Photos and Review by CRAIG HAMMONS
The Quireboys are back in America and it’s time to party.
There are times when a Rock N Roll show is the best prescription for whatever is bothering you. It was one of those nights and I knew I had just the right dose in store to satisfy my soul.
After fighting thru the Disneyland crowd, I made my way to the House of Blues intimate Parrish Room. As I was walking in the door, who do I run into but The Quireboy’s lead singer Spike.
We exchanged greetings and I went inside. Not long after I was inside I had a couple of ladies ask me if I was Craig from CaliforniaRocker.com. They said they appreciated my stories, reviews and photos. It made me feel good to know there are those who care and pay attention.
Opening tonight was The Raskins from NYC. I first saw The Raskins when they opened up for Motley Crue and Alice Copper at the Hollywood Bowl a few summers ago. They play good old Rock N Roll, full of melody, chorus and a good hook. The Raskins are led by twin brothers Roger and Logan Raskin.
These leather-clad NYC dudes came out swinging and full of energy. They opened with “On the Radio” the first single off their self-titled album about hearing your music on the radio for the first time. The Raskins blend a mix of covers and originals into their set. After a strong start they did the Greg Kihn classic “The Breakup Song.”
Lead singer Logan Raskin keeps the music moving and the audience engaged by wasting no time between songs. He is in constant motion, running and jumping all over the stage. There is no slow songs in the set. They also did a cover of “Call Me” that took the song to another level. After ripping it up they ended with a Stooges cover “Search and Destroy.” This was rock and roll NYC style: Fast, sweaty and in your face.
The Quireboys make their triumphant return to America in support of their brilliant new album “Amazing Disgrace.” I first saw The Quireboys in 1990 at the Gathering of Tribes Festival in Costa Mesa, Calif. They were on a killer bill with the likes of Iggy Pop, The Cramps, SoundGarden, Ice-T and Public Enemy.
This show was their first time to the States playing songs off their brilliant debut album “A Bit of What You Fancy” which hit number 2 on the UK charts. Now 35 years later these English lads are still making good solid rock and roll songs together. They have been busy lately making 6 albums in the last 7 years. They just released a CD/DVD combo called “35 and Live.”
In The Quireboy’s world its always time for a party and tonight we were ready to party. The lights hit the stage and out comes Spike drink in hand and ready to rock. He raised his glass and said “we are The Quireboys and this is rock n fuckin’ roll.” They kick off with “I Love This Dirty Town” off their “Homewrecker and Heartbreakers” album.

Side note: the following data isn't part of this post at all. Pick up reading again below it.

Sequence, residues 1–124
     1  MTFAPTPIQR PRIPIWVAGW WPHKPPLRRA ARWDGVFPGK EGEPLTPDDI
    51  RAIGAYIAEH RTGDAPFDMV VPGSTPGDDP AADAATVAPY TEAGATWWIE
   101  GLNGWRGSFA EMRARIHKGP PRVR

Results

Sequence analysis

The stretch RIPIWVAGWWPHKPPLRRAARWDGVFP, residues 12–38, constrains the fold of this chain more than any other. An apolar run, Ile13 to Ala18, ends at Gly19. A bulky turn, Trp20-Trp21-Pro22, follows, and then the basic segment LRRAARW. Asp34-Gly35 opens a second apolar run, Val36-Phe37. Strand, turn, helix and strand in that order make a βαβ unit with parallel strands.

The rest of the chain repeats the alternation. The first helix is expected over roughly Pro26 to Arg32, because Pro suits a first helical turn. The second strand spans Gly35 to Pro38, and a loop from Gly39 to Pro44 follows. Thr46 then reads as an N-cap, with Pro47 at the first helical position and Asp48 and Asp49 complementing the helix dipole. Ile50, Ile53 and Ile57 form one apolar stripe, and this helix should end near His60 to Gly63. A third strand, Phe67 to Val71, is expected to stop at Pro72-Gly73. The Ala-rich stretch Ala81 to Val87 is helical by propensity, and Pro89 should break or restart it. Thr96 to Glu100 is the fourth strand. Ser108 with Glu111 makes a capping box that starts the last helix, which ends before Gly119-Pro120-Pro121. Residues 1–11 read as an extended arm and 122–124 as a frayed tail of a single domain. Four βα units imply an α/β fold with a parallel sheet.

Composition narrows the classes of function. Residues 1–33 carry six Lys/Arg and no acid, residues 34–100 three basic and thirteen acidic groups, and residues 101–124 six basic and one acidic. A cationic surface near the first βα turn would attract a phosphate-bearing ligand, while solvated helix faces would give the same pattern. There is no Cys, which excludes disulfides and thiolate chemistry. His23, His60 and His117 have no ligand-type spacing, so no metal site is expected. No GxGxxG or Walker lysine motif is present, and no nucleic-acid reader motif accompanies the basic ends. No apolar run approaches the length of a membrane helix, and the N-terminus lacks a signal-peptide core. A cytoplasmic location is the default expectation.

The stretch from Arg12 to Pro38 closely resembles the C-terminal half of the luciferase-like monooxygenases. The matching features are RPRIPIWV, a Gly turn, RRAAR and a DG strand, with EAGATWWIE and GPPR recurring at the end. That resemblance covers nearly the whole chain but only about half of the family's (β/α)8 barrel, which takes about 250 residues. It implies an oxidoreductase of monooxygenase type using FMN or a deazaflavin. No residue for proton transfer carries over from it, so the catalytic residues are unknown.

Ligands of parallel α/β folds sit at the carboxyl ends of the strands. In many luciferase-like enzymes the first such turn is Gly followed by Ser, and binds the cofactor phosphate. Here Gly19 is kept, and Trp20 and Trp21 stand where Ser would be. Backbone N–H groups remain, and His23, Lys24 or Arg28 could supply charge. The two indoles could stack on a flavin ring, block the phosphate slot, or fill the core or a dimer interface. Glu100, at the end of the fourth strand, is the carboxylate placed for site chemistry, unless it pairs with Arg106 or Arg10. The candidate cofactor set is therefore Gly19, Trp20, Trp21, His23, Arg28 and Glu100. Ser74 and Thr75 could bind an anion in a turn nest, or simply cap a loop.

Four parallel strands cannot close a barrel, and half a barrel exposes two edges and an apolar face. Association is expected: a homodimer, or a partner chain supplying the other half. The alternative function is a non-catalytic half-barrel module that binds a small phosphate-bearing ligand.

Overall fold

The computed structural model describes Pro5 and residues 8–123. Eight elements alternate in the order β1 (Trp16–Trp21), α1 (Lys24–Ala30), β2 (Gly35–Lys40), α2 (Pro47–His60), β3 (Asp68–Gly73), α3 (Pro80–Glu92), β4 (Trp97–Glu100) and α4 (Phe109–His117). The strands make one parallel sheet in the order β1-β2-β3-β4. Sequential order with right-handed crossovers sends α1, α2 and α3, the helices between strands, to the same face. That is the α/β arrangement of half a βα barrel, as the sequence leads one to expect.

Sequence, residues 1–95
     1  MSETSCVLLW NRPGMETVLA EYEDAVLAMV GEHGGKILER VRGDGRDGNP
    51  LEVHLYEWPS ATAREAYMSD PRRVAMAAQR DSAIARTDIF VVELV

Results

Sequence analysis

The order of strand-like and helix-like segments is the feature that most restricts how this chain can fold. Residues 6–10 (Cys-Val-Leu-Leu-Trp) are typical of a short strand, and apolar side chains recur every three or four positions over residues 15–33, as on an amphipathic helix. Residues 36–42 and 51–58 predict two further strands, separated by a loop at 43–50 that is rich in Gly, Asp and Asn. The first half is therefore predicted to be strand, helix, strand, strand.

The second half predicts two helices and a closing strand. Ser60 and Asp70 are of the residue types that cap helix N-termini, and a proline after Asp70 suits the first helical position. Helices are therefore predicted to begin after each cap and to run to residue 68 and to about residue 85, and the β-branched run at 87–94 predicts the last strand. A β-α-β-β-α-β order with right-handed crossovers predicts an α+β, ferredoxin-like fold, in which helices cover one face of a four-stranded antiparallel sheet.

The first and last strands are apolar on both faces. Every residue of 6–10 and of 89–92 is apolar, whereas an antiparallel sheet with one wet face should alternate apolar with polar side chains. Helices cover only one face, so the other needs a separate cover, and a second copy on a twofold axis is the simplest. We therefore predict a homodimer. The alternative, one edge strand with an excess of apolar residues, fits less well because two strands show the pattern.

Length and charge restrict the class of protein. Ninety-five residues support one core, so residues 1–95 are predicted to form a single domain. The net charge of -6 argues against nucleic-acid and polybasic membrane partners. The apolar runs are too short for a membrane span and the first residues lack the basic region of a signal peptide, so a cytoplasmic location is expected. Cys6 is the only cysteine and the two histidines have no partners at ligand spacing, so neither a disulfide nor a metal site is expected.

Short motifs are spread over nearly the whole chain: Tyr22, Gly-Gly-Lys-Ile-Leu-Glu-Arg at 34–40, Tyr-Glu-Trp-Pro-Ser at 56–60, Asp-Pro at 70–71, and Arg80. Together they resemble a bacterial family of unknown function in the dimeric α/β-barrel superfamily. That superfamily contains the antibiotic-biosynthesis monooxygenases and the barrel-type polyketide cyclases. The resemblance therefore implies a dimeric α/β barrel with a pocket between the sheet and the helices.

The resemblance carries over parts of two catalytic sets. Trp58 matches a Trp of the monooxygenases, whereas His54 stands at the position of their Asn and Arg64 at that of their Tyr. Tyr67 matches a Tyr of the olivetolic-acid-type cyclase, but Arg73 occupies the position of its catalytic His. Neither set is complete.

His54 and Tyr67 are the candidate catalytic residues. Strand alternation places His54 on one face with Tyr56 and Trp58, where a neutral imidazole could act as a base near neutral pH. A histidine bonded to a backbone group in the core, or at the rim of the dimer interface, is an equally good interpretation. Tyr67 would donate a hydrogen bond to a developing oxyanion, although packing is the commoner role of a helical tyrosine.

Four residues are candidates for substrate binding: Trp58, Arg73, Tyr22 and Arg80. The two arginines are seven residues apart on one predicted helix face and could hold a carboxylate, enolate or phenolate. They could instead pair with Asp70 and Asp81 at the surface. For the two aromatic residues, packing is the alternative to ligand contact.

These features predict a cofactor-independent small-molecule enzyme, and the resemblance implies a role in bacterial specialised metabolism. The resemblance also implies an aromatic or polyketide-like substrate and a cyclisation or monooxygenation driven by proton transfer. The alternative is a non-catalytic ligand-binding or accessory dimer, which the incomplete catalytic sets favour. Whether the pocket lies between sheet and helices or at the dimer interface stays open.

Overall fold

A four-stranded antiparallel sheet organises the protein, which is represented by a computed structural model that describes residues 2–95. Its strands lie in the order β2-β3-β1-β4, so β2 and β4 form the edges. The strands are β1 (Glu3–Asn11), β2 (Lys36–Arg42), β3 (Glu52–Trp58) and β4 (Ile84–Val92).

The Quireboys live have all the piss and swagger of the early Rolling Stones and the good time attitude of the early Faces. Spike is the ultimate frontman. A Rock N Roll gypsy with a voice of an angel who had one too many whiskeys.
The Quireboys have a vast catalogue full of hits and masterpieces to chose from. Tonight they would give us a bit of what we fancy and cover all the bases. They went right into “Misled” and “There She Goes Again” before taking time for a drink. These lads are at the peak of their creativity and the songs they did off their new album “Amazing Disgrace” such as “Seven Deadly Sins” and “Original Black Eyed Son” fits right into the classic Quireboys sound.
The band is well-oiled and the twin guitar attack of Guy Griffin and Paul Guerin fills each song with memorable solos and riffs. Keith Weir’s keyboard rounds out The Quireboys sound giving the songs that English boogie feel ala Long John Baldry. Spike was now ready to turn this party up to 11. They went into the raucous “This is Rock N Roll.” It speaks for itself. We need it, we breath it, it is the only thing we know. They slowed things down a bit with the beautiful “Sweet Mary Ann.”
A song Rod Stewart wishes he wrote. Spike then said “ here’s a song we haven’t done in quite awhile, in fact I think we did it last night at the Whiskey A Go Go.” They did their early classic “ Man on the Loose” off their first album. But it wouldn’t be a Quireboys show if they didn’t do “I Don’t Love You Anymore” where Spike turns on the emotion and sincerity. It packs a punch as we all have seemed to be there are one point in out lives. He sings his heart out on this one and we are hanging on every word, singing along with he chorus.
But we know it’s getting close to call it a night when Spike screams out “What time is?” It’s time for their timeless classic “7’O’Clock.” A good old-fashioned English rave up that gets the crowd worked up. Spike is prowling the stage, swinging the microphone stand in the air and having a real good time.
The Quireboys are one of the hardest working bands in the business. They have worked hard to gain worldwide popularity and maybe one day America will embrace them the way the rest of the world has recognized their brilliance and love for their craft. Spike tipped his drink to the audience and we all raised our glasses for a toast to a great band that we were all so happy to see in a intimate rooms with good friends having a good time. Cheer mates.